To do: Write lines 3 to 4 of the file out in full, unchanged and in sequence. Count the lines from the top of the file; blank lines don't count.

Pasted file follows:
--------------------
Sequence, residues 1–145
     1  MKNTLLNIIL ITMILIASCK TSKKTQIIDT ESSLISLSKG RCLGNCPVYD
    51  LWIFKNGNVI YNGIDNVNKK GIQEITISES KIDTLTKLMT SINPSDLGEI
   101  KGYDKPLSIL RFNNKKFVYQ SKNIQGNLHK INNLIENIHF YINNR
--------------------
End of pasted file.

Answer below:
    51  LWIFKNGNVI YNGIDNVNKK GIQEITISES KIDTLTKLMT SINPSDLGEI
   101  KGYDKPLSIL RFNNKKFVYQ SKNIQGNLHK INNLIENIHF YINNR